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The Deep History Behind the Trump-Kim Singapore Summit

The opinions expressed by columnists are their own and do not necessarily represent the views of Townhall.com.

President Donald Trump and North Korean dictator Kim Jong Un have concluded their summit in Singapore.

The summit mixed theatrics and drama. At least two of the handshake photo ops included canny doses of Trumpian flattery. The summit produced a dictator's commitment to denuclearize and an agreement to continue discussions calculated to achieve denuclearization -- both indicative of promising diplomacy.

The phrase "a dictator's commitment" tempers the promise of peaceful resolution. Dictators break deals, and when they do, oppression certainly spreads, blood is shed and war may erupt. Adolf Hitler's disregarded Versailles and the wretched 1938 Munich Agreement, with grim results.

We know the Kim dictatorship habitually violates agreements. North Korea's 1968 Blue House Raid, authored by Kim Il Sung, shattered the 1953 Korean armistice. In 2009, his son, Kim Jong-Il, unilaterally declared the armistice "invalid." In 2011, Kim Jong-Il died and Kim Jong Un became dictator. In 2013, he one-upped his father and scrapped the armistice.

This untrustworthy and violent regime breaks agreements restricting nuclear weapons programs. It signed the Clinton administration's 1994 Agreed Framework, accepted its "soft power" economic benefits, and secretly continued its nuclear weapons quest. When caught by the Bush administration, North Korea slipped the "six nation talks" noose designed to squeeze it economically and politically then detonated a nuke in 2006.

The regime utterly suckered South Korea's Sunshine Policy which offered economic incentives in exchange for North Korean political moderation that never occurred. In 2010 Seoul terminated the Sunshine Policy.

In 2012, the "smart power" Obama administration watched as Kim Jong Un accelerated his nuclear and missile programs. That same year, a hot mic at a conference in South Korea caught Obama sending message to Russia's Vladimir Putin that he would have more "flexibility" after the election regarding limiting American missile defense systems. A coincidence?

By 2016 and the end of the Obama administration, North Korea was clearly more dangerous than it was in 2011. It likely possessed several nuclear weapons and long-range missiles capable of striking North America.

Enter the Trump administration and a different approach: "maximum pressure" coordinated coercive diplomacy to eliminate North Korea's nukes.

On several occasions I have written about Trump's October 1999 Meet the Press interview in which he summarizes America's weak responses to North Korea's quest for nuclear weapons. Unfortunately, that interview has received scant mainstream media attention, for it clearly links to his administration's 2017-2018 North Korean "de-nuclearization" operation, to include the Singapore summit.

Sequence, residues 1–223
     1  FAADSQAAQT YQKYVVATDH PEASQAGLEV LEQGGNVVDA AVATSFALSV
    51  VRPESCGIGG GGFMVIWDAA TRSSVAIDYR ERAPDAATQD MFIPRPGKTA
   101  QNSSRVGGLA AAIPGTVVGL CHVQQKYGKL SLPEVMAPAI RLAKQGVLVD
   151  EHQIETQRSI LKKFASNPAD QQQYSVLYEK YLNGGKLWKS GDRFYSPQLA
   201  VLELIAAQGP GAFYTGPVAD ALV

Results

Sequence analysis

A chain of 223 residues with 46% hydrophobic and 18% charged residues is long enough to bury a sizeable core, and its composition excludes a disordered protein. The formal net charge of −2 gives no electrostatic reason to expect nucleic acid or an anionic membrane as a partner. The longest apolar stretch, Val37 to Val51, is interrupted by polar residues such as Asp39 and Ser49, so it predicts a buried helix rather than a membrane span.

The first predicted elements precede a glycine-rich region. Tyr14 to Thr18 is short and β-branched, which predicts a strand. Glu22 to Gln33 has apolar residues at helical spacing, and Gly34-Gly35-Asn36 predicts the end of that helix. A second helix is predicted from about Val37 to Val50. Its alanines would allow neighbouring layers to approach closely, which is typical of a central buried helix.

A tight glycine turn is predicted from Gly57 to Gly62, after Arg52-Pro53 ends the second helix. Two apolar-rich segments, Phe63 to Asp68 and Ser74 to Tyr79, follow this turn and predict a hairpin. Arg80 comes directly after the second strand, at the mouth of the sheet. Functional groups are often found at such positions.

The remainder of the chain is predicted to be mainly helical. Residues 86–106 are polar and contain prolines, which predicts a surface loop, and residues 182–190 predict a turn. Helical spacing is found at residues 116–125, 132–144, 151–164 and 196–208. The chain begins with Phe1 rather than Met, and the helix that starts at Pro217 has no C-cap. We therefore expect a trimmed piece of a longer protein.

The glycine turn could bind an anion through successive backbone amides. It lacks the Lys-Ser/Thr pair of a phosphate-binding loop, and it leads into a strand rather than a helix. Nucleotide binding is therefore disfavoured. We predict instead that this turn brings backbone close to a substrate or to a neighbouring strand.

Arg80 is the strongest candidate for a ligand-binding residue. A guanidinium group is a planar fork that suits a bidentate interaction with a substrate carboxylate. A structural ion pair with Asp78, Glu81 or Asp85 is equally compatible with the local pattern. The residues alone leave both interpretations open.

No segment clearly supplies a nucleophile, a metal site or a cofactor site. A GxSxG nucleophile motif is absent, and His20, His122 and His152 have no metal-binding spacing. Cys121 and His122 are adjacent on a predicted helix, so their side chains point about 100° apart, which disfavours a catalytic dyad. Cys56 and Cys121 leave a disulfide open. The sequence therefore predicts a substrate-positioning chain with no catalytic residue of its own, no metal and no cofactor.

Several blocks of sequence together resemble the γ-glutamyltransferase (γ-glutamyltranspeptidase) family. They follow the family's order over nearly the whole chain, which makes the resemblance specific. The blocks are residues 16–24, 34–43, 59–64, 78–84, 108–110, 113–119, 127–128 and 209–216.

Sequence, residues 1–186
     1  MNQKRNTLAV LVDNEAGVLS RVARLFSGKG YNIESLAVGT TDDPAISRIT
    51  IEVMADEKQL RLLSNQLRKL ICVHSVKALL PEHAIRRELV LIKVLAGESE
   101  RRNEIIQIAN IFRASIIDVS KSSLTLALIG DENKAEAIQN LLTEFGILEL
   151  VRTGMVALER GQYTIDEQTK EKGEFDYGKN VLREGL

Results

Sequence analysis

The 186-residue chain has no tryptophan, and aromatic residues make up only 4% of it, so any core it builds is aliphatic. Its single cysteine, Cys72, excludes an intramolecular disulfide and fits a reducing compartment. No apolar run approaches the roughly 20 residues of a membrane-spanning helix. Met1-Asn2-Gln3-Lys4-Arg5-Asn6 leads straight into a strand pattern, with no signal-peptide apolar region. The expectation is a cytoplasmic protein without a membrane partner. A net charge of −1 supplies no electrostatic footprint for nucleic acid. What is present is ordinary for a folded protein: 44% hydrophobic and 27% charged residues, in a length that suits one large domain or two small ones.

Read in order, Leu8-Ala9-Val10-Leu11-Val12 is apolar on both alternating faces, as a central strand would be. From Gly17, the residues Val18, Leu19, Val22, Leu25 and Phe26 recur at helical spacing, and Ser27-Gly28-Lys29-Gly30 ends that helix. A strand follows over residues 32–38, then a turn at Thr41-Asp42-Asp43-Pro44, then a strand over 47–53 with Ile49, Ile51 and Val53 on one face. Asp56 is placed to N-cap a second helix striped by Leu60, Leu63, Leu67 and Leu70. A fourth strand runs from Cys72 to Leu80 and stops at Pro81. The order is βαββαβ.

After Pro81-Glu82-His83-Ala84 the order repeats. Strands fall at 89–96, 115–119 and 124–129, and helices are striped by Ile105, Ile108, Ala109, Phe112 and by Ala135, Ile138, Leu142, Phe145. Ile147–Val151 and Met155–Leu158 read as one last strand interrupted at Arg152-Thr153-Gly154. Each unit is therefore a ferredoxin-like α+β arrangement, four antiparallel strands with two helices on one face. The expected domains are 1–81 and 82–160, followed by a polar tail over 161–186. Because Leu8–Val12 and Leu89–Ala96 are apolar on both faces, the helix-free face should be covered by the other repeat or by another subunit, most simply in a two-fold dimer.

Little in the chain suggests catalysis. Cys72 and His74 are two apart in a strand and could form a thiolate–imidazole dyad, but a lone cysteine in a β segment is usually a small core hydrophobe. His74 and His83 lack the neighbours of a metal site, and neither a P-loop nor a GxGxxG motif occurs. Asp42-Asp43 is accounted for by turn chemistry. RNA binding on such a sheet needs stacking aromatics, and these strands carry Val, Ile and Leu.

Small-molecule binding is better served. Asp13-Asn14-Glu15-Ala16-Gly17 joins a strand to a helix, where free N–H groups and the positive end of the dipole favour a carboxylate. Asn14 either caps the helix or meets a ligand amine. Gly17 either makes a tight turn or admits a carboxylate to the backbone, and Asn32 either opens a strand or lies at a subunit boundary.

This 1999 quote has resonance: "First I'd negotiate," Trump said, "and be sure I could get the best deal possible... The biggest problem this world has is nuclear proliferation. And we have a country out there in North Korea which is sort of wacko, which is not a bunch of dummies, and they are developing nuclear weapons... If that negotiation doesn't work, then better solve the problem now than solve it later."

His critics hissed when the president said he had been preparing for Singapore his entire life, but the interview demonstrates two decades ago he understood the North Korean threat and the Clinton administration's flawed policies.

In March 2017, then-secretary of state Rex Tillerson declared, "The policy of strategic patience" vis a vis North Korea was over and America and its allies were "exploring a new range of diplomatic, security, economic measures. All options are on the table." That meant war to destroy North Korean nukes was a possibility. Trump would solve it now, with bombs, if necessary. Tillerson added that if North Korea didn't end its strategic weapons programs, Japan and South Korea might have to acquire their own nuclear arsenals. Did Beijing blanch?

Subsequent administration denuclearization diplomacy has reinforced those statements, in word and deed.

A lot of difficult issues remain unresolved. The harsh economic sanctions on Pyongyang remain in place. Singapore was a step toward peaceful resolution, and for the allies one cost free in blood and money. Suspending U.S.-South Korean military exercises pending North Korean cooperation was a symbolic gesture allowing Kim to save a little face. The U.S. and South Korea can end the symbolic suspension in five seconds.

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